Entries linking to sox
"knitted or woven covering for the foot, short stocking," early 14c., from Old English socc "slipper, light shoe," from Latin soccus "slipper, light low-heeled shoe," probably a variant of Greek sykchos, word for a kind of shoe, perhaps from Phrygian or another Asiatic language. The Latin word was borrowed generally in West Germanic (Middle Dutch socke, Dutch sok, Old High German soc, German Socke). To knock the socks off (someone) "beat thoroughly" is recorded from 1845, American English colloquial. Teen slang sock hop is c. 1950, from notion of dancing without shoes.
bobby sox (n.)
also bobby socks, 1943, from diminutive of bob (n.2) + sox. So called because they are "shortened" compared to knee-socks. Derivative bobby-soxer "adolescent girl," especially with reference to fans of popular crooners, first attested 1944.
Months ago colored bobby sox folded at the top were decreed, not by anyone or any group but, as usual, by a sudden mysterious and universal acceptance of the new idea. Now no teen-ager dares wear anything but pure white socks without a fold. [Life magazine, Dec. 11, 1944]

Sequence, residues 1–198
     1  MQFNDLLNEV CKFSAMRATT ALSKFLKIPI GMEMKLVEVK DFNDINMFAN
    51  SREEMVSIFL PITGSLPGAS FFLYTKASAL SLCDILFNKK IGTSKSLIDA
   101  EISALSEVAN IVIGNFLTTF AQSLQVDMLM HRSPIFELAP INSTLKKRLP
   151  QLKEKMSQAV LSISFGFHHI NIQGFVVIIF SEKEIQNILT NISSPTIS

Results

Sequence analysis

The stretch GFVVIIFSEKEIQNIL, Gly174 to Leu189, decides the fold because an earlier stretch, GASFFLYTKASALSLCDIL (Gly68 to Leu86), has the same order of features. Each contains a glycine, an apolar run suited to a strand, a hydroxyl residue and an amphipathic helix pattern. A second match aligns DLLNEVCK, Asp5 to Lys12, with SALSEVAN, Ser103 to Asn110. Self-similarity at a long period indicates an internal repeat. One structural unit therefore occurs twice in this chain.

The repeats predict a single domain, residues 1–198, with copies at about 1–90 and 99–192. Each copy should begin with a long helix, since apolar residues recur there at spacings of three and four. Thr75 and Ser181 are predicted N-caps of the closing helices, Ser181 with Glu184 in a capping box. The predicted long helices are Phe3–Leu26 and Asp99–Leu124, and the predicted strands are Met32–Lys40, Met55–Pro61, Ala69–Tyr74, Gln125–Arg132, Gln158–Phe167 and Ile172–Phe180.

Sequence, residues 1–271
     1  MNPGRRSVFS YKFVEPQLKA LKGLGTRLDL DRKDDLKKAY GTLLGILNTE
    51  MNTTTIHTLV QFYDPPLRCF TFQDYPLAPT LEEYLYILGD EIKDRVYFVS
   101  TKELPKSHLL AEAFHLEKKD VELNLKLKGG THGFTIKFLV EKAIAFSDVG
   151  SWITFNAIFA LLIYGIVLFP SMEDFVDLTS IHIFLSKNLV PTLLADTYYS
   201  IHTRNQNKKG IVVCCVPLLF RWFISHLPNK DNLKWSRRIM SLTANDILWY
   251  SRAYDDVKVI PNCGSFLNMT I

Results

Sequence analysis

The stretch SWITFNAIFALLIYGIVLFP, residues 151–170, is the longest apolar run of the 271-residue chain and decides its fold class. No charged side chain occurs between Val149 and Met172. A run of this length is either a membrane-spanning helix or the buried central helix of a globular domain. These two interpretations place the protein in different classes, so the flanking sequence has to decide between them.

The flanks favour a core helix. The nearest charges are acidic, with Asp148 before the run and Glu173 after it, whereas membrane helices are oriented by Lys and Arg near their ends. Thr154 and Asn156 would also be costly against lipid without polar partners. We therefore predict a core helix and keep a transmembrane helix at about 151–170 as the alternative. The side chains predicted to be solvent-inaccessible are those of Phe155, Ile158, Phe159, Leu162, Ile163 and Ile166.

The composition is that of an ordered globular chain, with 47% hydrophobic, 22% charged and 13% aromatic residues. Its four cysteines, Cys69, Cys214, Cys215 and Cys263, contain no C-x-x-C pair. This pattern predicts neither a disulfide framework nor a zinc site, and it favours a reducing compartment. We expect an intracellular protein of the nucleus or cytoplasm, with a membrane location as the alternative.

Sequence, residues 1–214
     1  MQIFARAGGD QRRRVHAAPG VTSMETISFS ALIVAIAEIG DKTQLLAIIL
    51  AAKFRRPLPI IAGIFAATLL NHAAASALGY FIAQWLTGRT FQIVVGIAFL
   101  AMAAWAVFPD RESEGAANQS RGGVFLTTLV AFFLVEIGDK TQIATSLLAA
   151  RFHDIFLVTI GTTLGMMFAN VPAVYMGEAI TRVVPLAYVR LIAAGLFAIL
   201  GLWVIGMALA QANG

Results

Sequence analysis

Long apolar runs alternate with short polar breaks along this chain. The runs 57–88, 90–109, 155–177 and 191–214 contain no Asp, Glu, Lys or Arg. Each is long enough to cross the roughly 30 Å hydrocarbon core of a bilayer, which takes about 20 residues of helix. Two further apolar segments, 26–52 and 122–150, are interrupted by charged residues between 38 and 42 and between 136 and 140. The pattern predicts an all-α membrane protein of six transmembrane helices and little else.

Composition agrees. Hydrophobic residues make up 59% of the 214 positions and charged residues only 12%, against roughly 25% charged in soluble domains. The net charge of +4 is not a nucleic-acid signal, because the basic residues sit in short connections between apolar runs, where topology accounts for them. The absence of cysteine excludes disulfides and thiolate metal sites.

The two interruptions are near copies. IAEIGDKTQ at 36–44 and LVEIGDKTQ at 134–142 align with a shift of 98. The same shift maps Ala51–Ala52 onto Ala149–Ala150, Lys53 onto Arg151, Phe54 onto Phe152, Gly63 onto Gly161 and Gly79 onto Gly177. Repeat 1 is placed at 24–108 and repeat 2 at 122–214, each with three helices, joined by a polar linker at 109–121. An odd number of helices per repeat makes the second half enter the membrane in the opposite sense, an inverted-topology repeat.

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<a href="https://www.etymonline.com/word/sox">Etymology of sox by etymonline</a>
Harper, D. (n.d.). Etymology of sox. Online Etymology Dictionary. Retrieved $(datetime), from https://www.etymonline.com/word/sox
Harper Douglas, “Etymology of sox,” Online Etymology Dictionary, accessed $(datetime), https://www.etymonline.com/word/sox.
Harper, Douglas. “Etymology of sox.” Online Etymology Dictionary, https://www.etymonline.com/word/sox. Accessed $(datetimeMla).
D. Harper. “Etymology of sox.” Online Etymology Dictionary. https://www.etymonline.com/word/sox (accessed $(datetime)).